While heart attack remains the leading cause of death in America, Johns See page 39. Hopkins specialists have identified a number of steps that can dramatically lower your risk. This timely new report contains potentially lifesaving strategies for the millions of people with high cholesterol, hypertension, obesity, a sedentary lifestyle, and other known risk factors. Use it to work with your doctor to develop your own customized program for heart attack prevention.
■ Calcium and Vitamin D: How to protect
both your heart and your bones based on the latest research. ■ Heart attack symptoms (including some less familiar ones) and an action plan when minutes count. ■ You exercise, don’t smoke, eat a healthy diet, but are overweight: How much heart attack risk do the extra pounds pack?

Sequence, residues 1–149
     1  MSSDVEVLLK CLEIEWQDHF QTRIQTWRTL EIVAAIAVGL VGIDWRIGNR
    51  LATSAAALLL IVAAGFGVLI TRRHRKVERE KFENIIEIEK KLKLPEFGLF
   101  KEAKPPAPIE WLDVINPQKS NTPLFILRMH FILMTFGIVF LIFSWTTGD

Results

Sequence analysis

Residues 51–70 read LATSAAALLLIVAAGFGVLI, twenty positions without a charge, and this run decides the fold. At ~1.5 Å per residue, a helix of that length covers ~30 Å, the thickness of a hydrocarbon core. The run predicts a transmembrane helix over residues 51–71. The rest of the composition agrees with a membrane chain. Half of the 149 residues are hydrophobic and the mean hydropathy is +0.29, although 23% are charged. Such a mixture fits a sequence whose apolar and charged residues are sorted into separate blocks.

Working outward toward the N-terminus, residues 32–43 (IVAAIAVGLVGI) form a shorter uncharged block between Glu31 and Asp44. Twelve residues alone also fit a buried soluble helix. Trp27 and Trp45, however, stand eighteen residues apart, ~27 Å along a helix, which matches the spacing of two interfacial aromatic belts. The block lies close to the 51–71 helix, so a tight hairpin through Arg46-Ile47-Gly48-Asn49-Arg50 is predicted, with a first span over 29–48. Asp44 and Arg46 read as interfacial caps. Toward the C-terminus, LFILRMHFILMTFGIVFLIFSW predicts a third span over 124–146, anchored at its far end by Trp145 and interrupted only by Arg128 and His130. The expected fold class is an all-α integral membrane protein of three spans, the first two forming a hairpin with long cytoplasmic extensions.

Did you know? A 2003 Hopkins study found that
a woman’s fitness level, and how long it takes her heart to return to normal after exercise, are better indicators of her risk of heart disease than the electrical recordings of the heart that are used to diagnose hidden heart disease in men.
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■ Sleep and your heart: New link recognized between sleep apnea and restless legs syndrome and an increased risk of coronary heart disease. Angina and Heart Attacks
■ Important news about a common drug for type 2 diabetes that’s been linked to an increase in heart attacks. ■ Extra steps that can protect you when someone else in the family develops early heart disease. ■ Protecting your arteries:
New research connects high blood pressure to the hazard of LDL cholesterol. atherosclerotic plaque reducing blood flow
■ Reach for your tape measure to assess your heart attack risk: Step by step instructions.